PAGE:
US 7246434 B1
A printed-circuit board (PCB) module has co-planar solder pads on a bottom surface. The solder pads can be surface-mounted to pads on a main board, allowing the PCB module to be surface mounted without wire leads extending from the PCB module substrate. A cavity is formed between the solder pads on the bottom surface. The cavity is formed by milling away some of the thickness of a sacrificial insulator layer, which is the insulator layer under the solder-pad metal layer. The sacrificial insulator layer can be made thicker to allow for milling the cavity without milling into inner metal layers on the PCB module. After milling away much of the sacrificial insulator layer, stand-offs remain under the solder pads, providing a stand-off gap between the top of the cavity and the solder pads when soldered to the main board. The stand-off gap allows for cleaning under the PCB module.
1. A manufacturing process for making a surface-mountable printed-circuit board (PCB) module comprising:
etching inner metal layers on both sides of an insulating core to form patterned interconnect on the inner metal layers;
laminating a component metal sheet and a component insulator layer over one of the inner metal layers;
laminating a pad metal sheet and a sacrificial insulator layer over another one of the inner metal layers;
etching the component metal sheet to form patterned component-layer interconnect from the component metal sheet;
etching a pad metal layer of the pad metal sheet to form solder pads from the pad metal sheet;
drilling castellation vias on the pad metal layer, and forming metal inside the castellation vias that connect the pad metal layer to the patterned component-layer interconnect or the patterned interconnect on the inner metal layers;
milling a cavity into the sacrificial insulator layer, the cavity not reaching the patterned interconnect on the inner metal layers; and
wherein the sacrificial insulator layer covered by the solder pads forms a plurality of stand-offs after milling,
whereby the solder pads on the stand-offs are surface-mountable to a main board.
2. The manufacturing process of
milling the sacrificial insulator layer between adjacent solder pads to further form the plurality of stand-offs.
3. The manufacturing process of
4. The manufacturing process of
5. The manufacturing process of
plating copper and tin on exposed areas of the pad metal sheet;
removing resist from covered areas of the pad metal sheet;
wherein exposed areas have a tin over copper while covered areas have no tin over the copper;
etching copper from the covered areas but not etching copper from the exposed areas protected by tin; and
removing tin covering copper in the exposed areas to form the solder pads.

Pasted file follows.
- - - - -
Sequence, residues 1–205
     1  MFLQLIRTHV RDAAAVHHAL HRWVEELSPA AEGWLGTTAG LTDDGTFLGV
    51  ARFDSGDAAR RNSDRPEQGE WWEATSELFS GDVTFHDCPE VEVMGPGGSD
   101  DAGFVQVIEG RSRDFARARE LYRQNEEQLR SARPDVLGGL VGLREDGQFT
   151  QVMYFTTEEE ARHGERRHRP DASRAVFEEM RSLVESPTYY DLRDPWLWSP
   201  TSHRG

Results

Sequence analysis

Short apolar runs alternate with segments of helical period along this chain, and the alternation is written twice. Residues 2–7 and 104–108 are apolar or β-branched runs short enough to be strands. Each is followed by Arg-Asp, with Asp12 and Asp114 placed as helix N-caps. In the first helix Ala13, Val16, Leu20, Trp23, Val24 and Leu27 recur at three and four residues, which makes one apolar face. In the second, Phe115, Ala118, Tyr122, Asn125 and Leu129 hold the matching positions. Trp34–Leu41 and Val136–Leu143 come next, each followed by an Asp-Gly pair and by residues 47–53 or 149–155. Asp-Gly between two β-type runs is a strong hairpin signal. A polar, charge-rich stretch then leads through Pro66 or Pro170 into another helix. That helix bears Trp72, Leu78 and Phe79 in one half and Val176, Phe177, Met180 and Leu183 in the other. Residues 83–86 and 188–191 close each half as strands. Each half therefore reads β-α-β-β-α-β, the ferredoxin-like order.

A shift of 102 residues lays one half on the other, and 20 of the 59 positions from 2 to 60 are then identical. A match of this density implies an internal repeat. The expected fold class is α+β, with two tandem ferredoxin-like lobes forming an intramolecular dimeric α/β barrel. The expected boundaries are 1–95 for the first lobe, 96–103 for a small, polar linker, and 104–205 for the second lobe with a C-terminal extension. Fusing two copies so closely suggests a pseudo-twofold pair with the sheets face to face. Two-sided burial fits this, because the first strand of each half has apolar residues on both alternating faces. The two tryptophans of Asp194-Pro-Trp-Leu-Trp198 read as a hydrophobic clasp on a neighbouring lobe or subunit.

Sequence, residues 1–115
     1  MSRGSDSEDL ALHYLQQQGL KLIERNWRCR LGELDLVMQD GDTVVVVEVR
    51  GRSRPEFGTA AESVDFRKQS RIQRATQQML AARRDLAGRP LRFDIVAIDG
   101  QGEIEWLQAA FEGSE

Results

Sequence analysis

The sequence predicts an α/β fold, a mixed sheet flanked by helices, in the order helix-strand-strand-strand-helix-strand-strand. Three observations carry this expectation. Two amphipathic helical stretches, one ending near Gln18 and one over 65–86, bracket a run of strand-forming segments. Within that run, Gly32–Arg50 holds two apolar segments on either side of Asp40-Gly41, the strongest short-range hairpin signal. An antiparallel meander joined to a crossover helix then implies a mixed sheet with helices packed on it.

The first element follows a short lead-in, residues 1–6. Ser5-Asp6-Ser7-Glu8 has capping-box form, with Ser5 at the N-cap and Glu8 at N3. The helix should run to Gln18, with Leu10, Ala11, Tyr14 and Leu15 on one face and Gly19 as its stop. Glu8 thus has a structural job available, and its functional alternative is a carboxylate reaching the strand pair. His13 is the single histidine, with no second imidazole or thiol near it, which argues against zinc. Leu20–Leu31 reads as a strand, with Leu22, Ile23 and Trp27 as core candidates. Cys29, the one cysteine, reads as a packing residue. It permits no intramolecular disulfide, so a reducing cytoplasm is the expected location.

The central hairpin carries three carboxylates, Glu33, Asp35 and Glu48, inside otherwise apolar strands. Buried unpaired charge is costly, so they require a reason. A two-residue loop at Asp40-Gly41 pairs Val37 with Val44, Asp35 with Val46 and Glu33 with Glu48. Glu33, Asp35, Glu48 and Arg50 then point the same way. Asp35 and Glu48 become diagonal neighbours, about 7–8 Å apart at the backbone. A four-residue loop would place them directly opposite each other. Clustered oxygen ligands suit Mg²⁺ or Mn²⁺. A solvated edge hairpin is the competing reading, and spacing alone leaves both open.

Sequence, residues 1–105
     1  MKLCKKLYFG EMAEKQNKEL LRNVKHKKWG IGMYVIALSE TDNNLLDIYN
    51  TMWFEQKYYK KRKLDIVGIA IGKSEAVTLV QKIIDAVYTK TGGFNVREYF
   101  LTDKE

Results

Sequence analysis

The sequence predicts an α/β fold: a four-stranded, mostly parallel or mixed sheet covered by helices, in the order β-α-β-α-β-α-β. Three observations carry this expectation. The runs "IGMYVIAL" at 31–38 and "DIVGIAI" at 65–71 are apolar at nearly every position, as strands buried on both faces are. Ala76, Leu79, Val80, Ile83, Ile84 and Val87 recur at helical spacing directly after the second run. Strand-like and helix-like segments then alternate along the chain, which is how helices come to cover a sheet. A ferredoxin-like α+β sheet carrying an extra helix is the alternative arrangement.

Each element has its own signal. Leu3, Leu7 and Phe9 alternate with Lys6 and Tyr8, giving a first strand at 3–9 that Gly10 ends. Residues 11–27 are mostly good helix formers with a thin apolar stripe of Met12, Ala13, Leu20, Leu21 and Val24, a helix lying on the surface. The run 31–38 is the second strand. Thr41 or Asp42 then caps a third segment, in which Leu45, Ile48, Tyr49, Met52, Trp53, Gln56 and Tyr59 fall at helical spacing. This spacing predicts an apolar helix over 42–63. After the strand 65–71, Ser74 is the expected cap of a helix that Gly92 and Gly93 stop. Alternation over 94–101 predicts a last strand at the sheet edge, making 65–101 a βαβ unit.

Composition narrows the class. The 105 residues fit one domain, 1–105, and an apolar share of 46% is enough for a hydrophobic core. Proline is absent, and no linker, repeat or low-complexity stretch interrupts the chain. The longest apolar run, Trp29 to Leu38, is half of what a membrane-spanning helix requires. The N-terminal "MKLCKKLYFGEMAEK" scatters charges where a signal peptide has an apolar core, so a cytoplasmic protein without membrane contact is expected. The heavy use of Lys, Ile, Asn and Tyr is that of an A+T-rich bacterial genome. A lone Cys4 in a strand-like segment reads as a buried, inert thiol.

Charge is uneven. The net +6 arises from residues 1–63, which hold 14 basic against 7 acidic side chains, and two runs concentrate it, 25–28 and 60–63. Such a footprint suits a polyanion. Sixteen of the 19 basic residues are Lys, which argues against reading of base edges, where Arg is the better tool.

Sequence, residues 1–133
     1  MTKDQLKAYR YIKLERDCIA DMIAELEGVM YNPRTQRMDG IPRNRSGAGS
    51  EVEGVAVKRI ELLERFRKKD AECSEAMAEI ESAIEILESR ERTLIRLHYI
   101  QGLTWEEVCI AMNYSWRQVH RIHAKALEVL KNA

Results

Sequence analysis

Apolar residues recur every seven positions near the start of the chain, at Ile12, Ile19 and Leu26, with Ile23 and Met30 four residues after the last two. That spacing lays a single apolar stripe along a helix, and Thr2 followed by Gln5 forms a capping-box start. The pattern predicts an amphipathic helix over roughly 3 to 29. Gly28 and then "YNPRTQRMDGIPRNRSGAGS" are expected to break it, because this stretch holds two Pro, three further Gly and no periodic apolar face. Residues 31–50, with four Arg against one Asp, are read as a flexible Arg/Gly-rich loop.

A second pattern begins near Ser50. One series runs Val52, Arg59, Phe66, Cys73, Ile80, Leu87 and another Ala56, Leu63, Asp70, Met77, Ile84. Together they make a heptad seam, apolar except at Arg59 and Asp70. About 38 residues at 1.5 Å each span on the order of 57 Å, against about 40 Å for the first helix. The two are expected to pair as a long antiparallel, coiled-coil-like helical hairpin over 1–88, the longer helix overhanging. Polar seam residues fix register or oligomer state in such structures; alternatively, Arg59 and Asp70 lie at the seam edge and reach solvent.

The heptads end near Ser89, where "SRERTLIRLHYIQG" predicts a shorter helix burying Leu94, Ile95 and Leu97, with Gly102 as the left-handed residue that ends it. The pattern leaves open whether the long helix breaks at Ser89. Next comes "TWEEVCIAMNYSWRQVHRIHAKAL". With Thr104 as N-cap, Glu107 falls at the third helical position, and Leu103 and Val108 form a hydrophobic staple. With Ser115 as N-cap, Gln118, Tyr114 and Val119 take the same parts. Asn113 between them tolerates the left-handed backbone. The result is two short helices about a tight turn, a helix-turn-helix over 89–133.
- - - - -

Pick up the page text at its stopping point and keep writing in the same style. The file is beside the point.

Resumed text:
6. The manufacturing process of
applying a solder mask to the solder pads with openings over each of the solder pads;
applying solder to the openings in the solder mask to apply solder to the solder pads; and
removing the solder mask.
7. The manufacturing process of
de-panelization by cutting de-panelization lines between adjacent PCB modules on a panel having a plurality of the PCB modules being formed together.
8. The manufacturing process of
9. The manufacturing process of
finishing the castellation vias during de-panelization by rounding or smoothing edges of the castellation vias.
10. The manufacturing process of
11. The manufacturing process of
12. The manufacturing process of
13. The manufacturing process of
drilling inner vias between the inner metal layers and plating the inner vias to form inter-layer interconnect between the inner metal layers.
14. The manufacturing process of
mounting and soldering components to the patterned component-layer interconnect, wherein the components are integrated circuits and capacitors or resistors.
15. The manufacturing process of
surface-mounting the PCB module to a main board by placing the solder pads over pad metal areas of the main board and heating to solder the solder pads to the pad metal areas.
This invention relates to electronic packages, and more particularly to a surface-mountable package made with a modified printed-circuit board (PCB) process.
Traditionally, many electronic systems are made by mounting integrated circuit (IC) chips on one or more printed-circuit boards (PCBs). Each individual IC chip is typically packaged in a plastic or ceramic IC package. Pins on the IC package may be fitted into holes in the PCB, or bent package leads or a grid of solder balls on the package may be soldered to flat metal pads on the surface of the PCB.